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Published Ocotber 8, 2016 by Bill Keck.

Foundation Maker for Laravel 5.3 Officially Released

Foundation Maker is a free package for Laravel 5.3 that adds 15 new artisan commands, including make:foundation, which let’s you stand up an entire working CURD model and views, with an ajax-powered, searchable, sortable and paginated data grid, written in Vue.js.

Adding Foundation Maker to your Laravel project is a snap. Just use call the following on your command line:



composer require evercode1/foundation-maker

Then add the following to your providers array in config/app.php:



Evercode1\FoundationMaker\FoundationMakerServiceProvider::class,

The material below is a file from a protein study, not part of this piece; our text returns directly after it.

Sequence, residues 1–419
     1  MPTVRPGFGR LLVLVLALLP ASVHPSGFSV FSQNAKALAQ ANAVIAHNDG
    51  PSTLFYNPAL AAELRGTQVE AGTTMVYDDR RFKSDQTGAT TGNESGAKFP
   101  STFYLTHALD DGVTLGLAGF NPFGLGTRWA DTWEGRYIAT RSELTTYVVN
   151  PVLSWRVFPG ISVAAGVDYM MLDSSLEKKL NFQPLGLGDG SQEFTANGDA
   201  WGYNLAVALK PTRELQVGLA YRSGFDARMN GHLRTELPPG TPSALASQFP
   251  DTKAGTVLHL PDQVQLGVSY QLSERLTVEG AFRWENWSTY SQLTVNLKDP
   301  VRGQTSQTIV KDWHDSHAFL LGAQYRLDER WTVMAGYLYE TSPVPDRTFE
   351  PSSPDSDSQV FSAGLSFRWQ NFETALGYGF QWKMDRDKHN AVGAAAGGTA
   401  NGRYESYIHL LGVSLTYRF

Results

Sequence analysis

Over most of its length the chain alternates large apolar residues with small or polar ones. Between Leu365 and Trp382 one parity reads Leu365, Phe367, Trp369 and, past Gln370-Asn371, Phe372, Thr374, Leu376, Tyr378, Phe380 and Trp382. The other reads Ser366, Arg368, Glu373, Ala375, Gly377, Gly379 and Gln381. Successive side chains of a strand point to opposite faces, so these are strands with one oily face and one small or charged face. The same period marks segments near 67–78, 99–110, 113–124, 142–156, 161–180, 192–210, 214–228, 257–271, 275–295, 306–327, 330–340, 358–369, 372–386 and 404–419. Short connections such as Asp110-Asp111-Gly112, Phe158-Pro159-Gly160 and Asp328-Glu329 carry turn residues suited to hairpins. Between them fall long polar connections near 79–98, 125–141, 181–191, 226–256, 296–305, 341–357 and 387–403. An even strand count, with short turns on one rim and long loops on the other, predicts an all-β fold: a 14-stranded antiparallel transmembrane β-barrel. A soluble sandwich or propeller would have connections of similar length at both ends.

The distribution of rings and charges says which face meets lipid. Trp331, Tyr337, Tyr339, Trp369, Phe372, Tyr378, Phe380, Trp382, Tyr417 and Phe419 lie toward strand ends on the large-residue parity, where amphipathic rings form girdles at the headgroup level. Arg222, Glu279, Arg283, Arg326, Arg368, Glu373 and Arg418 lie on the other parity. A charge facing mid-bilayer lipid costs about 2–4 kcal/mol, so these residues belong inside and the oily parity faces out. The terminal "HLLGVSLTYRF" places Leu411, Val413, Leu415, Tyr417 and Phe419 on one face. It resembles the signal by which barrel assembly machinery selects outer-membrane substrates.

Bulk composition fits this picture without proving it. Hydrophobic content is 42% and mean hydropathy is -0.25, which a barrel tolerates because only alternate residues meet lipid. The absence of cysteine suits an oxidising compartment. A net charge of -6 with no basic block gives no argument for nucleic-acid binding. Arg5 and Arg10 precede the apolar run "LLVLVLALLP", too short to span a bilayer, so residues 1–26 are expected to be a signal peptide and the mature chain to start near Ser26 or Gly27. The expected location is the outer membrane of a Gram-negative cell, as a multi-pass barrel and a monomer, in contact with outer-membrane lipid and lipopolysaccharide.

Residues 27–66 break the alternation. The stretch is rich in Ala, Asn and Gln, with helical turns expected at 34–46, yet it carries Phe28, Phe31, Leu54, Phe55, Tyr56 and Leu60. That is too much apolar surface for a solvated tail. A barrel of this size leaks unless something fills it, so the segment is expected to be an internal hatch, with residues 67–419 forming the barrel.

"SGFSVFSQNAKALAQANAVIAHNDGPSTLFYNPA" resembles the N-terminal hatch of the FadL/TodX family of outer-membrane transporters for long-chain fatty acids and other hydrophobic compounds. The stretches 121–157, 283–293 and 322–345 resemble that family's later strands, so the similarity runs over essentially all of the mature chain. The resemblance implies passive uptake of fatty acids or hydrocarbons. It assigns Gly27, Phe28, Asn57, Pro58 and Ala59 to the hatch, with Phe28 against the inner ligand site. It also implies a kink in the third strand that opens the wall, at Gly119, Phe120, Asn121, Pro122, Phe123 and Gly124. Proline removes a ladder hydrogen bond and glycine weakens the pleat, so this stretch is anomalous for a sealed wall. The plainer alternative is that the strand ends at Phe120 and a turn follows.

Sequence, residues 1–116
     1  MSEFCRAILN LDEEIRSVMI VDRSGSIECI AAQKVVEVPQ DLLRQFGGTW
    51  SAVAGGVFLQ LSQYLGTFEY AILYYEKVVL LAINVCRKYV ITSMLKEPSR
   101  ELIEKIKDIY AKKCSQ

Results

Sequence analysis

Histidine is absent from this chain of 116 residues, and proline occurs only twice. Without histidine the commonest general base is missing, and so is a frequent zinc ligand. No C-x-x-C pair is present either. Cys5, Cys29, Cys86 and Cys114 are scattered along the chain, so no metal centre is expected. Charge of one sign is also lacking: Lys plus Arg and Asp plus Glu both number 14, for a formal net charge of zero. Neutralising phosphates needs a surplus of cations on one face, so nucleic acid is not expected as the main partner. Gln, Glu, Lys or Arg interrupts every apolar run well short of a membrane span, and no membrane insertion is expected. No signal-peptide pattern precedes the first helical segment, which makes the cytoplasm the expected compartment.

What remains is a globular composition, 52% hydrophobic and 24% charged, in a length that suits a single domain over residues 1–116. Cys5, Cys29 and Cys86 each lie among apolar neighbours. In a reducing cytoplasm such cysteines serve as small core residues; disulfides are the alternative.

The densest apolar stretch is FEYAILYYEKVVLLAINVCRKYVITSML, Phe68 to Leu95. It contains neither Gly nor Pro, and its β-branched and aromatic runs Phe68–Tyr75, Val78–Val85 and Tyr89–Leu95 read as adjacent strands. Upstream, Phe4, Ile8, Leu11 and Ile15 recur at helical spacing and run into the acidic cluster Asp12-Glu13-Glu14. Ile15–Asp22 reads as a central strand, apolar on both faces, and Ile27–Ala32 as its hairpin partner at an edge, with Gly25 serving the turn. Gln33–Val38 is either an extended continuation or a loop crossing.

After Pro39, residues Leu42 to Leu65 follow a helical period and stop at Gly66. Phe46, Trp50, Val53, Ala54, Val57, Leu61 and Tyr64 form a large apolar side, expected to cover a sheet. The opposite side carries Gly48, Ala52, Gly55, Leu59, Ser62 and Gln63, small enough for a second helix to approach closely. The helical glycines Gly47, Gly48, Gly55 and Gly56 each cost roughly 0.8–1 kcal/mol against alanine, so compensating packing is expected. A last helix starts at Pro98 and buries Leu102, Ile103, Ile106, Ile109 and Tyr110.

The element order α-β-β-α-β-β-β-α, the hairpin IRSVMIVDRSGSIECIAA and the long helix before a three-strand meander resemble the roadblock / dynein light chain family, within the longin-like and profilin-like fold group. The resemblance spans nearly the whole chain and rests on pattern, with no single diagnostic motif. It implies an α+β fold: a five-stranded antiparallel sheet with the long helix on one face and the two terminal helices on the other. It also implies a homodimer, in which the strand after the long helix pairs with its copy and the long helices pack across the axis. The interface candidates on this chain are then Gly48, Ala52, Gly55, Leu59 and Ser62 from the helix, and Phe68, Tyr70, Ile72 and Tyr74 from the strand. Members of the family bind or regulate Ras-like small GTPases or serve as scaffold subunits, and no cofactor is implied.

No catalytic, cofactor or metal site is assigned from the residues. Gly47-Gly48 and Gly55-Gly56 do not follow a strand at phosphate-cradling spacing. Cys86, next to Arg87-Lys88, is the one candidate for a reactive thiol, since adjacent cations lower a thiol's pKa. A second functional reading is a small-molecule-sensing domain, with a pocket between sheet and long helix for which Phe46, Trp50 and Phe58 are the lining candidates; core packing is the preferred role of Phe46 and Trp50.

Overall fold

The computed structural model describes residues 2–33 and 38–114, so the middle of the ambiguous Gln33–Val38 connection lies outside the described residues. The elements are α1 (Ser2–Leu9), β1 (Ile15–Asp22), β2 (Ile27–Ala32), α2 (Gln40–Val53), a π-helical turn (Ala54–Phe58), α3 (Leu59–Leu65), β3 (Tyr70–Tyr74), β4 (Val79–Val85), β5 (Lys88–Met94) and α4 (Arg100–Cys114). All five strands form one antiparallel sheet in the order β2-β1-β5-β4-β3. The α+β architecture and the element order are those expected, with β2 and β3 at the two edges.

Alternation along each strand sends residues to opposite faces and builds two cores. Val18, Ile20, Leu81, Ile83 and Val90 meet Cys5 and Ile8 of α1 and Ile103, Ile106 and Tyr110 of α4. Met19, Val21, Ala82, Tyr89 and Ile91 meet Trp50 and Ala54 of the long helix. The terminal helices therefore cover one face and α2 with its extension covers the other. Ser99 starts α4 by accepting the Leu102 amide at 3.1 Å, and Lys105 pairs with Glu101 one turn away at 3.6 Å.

To see the new artisan commands, run the following from the command line:



php artisan list

Then you can parse through and see all the new make commands:

  • make:assets
  • make:master
  • make:crud
  • make:views
  • make:foundation
  • make:child-of
  • make:parent-child

There’s also corresponding remove commands for all commands except make:assets.

Please note, if you are unfamiliar with Foundation Maker, read the docs and tutorial, and note that it works best with a fresh install of Laravel due to the setup of assets. Run npm install after running the make:assets command.

For those of you who have purchased my book, Laravel 5.3 For Beginners, you will recognize the data grid from the book. The big difference is that the book is written using Vue.js 1.0.26, and the Foundation Maker code generator uses Vue.js 2.0.1.

I will be adding a chapter to the book to introduce Foundation Maker and the migration to Vue.js 2, and that update will be free to everyone who has purchased the book. I will be emailing out an announcement when that is ready and then you will be able to pull the latest version of the book.